Nationally, Jays games do very well. Miles ahead of Raptors/FC. Behind CFL (though they have so few games, and probably a ton of Western viewers). While HNIC destroys everything, from what I remember Jays games actually compare half decently to local Leaf games, amazingly enough.

  35. Toronto has a rich baseball history. I’ve seen photos of the old stadium on Hanlon’s Point, rammed with people. Babe hit his first professionsal HR there. If you’re walking east on Queen St., just past the Don River on the north side there’s a plaque for Sunlight Stadium, where the BMW dealership is.
    We had stadiums up the ying yang.

  36. Well put.

    But look at what we’ve been reduced to. Rooting for a franchise to maximize efficiency and squeeze the best performance out of every dollar spent. Whatever happened to having a realistic hope that we have a shot to make the playoffs? Or the world series?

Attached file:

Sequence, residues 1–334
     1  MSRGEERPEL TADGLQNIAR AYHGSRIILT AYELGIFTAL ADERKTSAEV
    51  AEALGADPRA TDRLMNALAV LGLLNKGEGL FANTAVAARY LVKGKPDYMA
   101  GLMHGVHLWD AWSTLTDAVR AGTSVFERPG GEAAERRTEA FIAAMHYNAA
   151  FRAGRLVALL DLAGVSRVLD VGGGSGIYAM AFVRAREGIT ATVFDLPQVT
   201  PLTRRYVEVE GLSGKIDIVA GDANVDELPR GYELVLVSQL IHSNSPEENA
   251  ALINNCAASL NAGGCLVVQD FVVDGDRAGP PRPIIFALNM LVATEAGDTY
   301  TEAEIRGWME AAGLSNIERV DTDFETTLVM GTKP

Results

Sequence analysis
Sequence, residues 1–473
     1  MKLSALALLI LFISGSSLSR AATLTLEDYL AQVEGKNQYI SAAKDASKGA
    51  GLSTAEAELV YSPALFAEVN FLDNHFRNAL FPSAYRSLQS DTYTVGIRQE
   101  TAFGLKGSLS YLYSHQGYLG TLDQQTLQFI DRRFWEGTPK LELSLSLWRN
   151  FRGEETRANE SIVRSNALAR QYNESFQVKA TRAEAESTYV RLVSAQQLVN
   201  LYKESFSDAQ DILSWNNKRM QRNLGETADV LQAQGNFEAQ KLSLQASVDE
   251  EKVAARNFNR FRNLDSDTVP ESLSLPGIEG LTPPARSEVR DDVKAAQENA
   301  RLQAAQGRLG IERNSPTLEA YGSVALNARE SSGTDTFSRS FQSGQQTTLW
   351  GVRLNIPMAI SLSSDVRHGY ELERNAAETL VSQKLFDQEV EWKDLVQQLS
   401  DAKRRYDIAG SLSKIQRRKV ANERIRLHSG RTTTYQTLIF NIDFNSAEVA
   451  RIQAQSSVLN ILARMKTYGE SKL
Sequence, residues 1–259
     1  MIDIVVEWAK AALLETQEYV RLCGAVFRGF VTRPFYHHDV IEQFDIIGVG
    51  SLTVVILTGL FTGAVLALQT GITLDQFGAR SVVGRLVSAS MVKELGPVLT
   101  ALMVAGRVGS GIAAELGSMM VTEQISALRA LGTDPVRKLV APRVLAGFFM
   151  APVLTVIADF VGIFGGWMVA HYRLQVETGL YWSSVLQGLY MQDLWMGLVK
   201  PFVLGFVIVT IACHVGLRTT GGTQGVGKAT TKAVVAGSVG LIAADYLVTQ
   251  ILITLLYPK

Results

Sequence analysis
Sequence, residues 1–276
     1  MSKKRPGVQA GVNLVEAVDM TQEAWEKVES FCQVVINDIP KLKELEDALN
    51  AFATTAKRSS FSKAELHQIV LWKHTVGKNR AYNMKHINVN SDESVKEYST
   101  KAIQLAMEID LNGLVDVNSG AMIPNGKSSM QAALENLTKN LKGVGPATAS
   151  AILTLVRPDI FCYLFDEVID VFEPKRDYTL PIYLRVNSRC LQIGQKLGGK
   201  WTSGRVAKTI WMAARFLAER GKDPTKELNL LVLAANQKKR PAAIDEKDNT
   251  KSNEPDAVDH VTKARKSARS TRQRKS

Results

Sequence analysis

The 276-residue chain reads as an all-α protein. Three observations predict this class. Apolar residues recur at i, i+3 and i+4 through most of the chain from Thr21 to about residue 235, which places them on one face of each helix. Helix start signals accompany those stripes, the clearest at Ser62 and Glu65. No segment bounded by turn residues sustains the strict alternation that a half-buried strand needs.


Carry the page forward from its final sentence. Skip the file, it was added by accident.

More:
George Steinbrenner’s goal wasn’t to have the best business model. It was to win. Mark Cuban wants to win. There are owners out there who care about winning. Unfortunately none of them own a Toronto sports franchise. So we’re left to root for the best possible business model we can get.

  37. If Francisco closes for the Jays (and does well at it), then he could do better than 4 million. But really it’s not about getting a significantly higher dollar amount so much as guaranteed term. (Grant Balfour and Joaquin Benoit are in the same ballpark as Frasor and Francisco. And if Francisco closes, he could do better than either.) I don’t expect anyone to give up a first rounder, but maybe a second or third. We’ll see.